SmithAir747 From United States of America, joined Jan 2004, 1695 posts, RR: 26 Posted (9 years 3 months 3 weeks 3 days 22 hours ago) and read 4848 times:
Back in the days of the Cold War, when the spectre of World War III hung over our heads in the 1980s, there were quite a lot of movies produced (mainly for TV), especially in the mid-1980s, about what it might have been like.
I have seen several myself:
1) "World War III"--(year unknown)--basically a straight WWIII war movie based on a European theatre war, and which ended with nuclear-armed Soviet bombers invading Alaskan airspace.
2) "The Day After"--(1983, ABC-TV movie)--this very controversial movie depicted a nuclear attack on a midwestern US city (Kansas City, MO, and its suburbs and surrounding ICBM fields). Very graphic, shows people vaporizing as their skeletons flouresce like neon tubes! Also shows the horrific aftermath, with deadly fallout and the disintegration of social order. As I watched this movie, I thought: Could this have been my hometown, Fort Wayne, IN? I have this one on VHS.
3) "Red Dawn"--(1984)--Starts out as a normal school day in the western USA, and all of a sudden, Soviet paratroopers start coming out of the sky; a Soviet invasion of the USA! A band of high schoolers, calling themselves the Wolverines (after their school sports mascot), wage guerilla warfare against the occupying Soviet forces in their area. Would a Soviet invasion of the USA really have been a possibility?
There is another Cold War-era (1980s) TV miniseries I just read about on Wikipedia: "Amerika". It describes a Soviet occupation of the United States; the movie takes place 10 years after the sudden, bloodless takeover of the USA (after Soviet nukes exploded in the high atmosphere, blanketing the US with EMP); it describes a largely demoralised, apathetic American population under the Soviet occupation heel, and the former USA divided up into occupation zones (eg. Indiana is part of "Ameritekh", one of several zones), and a holiday, Lincoln's Day, replaces the 4th of July, and Communist propaganda is taught daily in former American schools.
Does the premise of "Amerika" sound like it would have been a realistic possibility? I can just imagine my local airport, FWA, having both Russian and English signage, and Soviet "Aeroflot-Amerika" aircraft! ("Aeroflot-Amerika" being the only airline service available, for those permitted to travel, in a Soviet-occupied America).
What Cold War/WWIII movies did you see when you were living back then? Please share what you saw, and what you thought of it!
I will praise thee; for I am fearfully and wonderfully made... (Psalm 139:14)
Aircraft From France, joined Jan 2007, 0 posts, RR: 0
Reply 1, posted (9 years 3 months 3 weeks 3 days 22 hours ago) and read 4848 times:
I really enjoyed Last of the Mohicans. It used to baffle me why this film hasn't been held in greater esteem. I was blown away by this film when I first saw it, and knew quite a few people who snuck back to the theater several times for more. The beautiful and harsh scenery, dreamlike photography, sudden explosions of bloody violence, and raging, over-the-top passion amid a collapsing world create a pure emotional rush. This is melodrama at its best, which means that it can really stir your emotions if you let it.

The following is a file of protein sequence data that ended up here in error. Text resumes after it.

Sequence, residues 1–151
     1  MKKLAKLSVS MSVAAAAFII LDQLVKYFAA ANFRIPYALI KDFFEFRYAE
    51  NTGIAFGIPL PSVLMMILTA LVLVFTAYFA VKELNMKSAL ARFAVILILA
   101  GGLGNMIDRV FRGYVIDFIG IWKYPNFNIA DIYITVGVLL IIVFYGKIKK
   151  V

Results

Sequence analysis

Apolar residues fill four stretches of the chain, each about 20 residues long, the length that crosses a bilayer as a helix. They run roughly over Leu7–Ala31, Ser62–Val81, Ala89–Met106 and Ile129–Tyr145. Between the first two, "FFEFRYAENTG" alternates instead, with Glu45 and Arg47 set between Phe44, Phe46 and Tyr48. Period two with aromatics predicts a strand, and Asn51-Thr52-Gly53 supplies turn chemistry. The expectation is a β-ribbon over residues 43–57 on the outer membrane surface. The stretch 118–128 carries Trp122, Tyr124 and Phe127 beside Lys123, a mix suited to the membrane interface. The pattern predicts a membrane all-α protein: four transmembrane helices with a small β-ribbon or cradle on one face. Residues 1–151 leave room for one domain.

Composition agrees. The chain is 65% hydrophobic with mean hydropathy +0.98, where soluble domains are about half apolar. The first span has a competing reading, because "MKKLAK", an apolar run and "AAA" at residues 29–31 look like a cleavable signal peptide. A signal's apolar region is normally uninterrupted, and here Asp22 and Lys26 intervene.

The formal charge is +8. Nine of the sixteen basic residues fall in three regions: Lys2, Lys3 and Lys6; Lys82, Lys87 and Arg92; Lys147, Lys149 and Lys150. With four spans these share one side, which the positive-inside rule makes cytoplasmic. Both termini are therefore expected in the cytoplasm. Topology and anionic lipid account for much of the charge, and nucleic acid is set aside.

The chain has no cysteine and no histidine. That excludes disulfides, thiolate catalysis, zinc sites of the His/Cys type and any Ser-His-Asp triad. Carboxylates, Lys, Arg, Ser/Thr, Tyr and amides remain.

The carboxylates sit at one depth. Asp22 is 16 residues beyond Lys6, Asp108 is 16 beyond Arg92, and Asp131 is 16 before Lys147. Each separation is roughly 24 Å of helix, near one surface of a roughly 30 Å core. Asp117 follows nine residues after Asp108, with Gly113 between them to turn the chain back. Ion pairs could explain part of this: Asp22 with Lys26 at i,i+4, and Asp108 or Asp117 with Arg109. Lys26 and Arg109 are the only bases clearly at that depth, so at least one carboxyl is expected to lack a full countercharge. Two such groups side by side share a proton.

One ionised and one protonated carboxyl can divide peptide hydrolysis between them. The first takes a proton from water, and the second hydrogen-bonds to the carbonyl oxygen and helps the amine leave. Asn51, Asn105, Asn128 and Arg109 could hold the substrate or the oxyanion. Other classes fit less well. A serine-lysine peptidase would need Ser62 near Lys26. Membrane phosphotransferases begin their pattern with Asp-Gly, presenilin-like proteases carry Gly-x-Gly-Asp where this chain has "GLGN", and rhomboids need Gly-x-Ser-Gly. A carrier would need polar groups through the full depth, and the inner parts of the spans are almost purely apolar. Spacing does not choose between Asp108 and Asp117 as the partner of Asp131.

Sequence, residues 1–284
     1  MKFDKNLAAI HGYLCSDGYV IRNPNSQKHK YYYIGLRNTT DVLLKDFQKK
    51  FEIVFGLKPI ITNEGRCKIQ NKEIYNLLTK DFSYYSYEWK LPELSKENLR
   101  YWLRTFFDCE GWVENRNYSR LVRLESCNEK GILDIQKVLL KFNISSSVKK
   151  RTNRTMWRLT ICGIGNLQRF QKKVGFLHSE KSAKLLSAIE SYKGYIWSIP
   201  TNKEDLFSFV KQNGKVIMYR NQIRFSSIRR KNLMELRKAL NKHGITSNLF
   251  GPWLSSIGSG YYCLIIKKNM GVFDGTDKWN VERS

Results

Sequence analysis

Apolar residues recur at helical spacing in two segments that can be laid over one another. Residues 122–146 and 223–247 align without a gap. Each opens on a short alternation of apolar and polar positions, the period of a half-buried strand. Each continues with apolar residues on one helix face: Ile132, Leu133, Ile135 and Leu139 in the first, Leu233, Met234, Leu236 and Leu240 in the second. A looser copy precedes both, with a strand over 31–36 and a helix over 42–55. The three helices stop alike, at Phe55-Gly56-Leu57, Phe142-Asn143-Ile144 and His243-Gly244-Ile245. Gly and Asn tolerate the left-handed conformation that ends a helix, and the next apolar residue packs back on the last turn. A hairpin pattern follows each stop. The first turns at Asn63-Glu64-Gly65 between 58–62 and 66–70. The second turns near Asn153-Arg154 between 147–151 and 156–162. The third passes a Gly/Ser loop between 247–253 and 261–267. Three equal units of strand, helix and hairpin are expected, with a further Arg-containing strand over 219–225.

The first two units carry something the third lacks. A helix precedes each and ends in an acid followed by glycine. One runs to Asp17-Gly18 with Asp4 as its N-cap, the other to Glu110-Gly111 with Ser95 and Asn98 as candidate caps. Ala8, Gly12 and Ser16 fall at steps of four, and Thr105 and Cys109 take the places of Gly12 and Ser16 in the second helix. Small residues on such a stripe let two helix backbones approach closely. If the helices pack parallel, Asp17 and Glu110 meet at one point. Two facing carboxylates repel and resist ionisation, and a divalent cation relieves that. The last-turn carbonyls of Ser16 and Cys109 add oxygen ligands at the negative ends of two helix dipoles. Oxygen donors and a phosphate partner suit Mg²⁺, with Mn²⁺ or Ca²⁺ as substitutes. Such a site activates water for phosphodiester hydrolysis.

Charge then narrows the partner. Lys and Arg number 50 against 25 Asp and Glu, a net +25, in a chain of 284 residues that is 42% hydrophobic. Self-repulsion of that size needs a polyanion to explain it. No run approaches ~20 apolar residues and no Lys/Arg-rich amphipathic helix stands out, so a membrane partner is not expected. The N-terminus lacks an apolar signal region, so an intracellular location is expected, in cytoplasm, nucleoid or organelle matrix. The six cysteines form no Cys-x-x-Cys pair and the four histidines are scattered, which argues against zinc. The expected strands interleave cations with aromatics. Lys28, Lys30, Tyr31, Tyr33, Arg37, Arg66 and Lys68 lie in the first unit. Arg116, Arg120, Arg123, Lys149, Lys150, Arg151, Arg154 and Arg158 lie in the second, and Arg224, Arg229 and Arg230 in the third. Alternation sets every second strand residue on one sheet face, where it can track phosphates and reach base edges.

Cedarjet From United Kingdom, joined May 1999, 8412 posts, RR: 54
Reply 2, posted (9 years 3 months 3 weeks 3 days 22 hours ago) and read 4838 times:
Dude. One word: Threads. Here's what http://www.allmovie.com has to say: "Immeasurably more terrifying than any fictional horror film ever produced, Threads is arguably the most emotionally shattering piece of speculative fiction ever committed to celluloid." Got that? Not a reviewer, this is an objectively compiled database of film. Immeasurably more terrifying than any fictional horror film ever produced. This is not an exaggeration. Let's see what else Allmovie have to say. "Produced for the BBC in the wake of mounting Cold War tensions, this thoroughly detailed portrayal of the violent destruction of the delicate and fragile threads of society through nuclear devastation is unrelentingly bleak, and much like the graphic depiction of the effects of radiation and nuclear fallout, slowly eats away at its audience as it relentlessly and unflinchingly details the horrifying demise of humankind for an agonizing 13 years following World War III. As each horrifying act unfolds, viewers are jarringly reminded of the casual indifference to which people approach war as they go about their day-to-day activities, constantly taking for granted not only their loved ones, but such simple things as food, electricity, and basic human interaction. In the face of the darkest hour in human history, Threads suggests that humans must approach nature and science with reverence and a certain amount of fear lest it unexpectedly blow up in our faces after it's already too late. Definitely not for the squeamish or faint of heart (though it could be said that it should be required viewing, especially to political leaders, as a reminder of the horrors that humans could have and still can inflict upon themselves), Threads offers none of the hopeful and comforting sentiments of its popular literary counterpart (Pat Frank's Alas, Babylon) and ends on a note that will be ringing in viewers' consciences for weeks to come." That it does folks, that it does. That final frame will haunt you for months, and really, forever.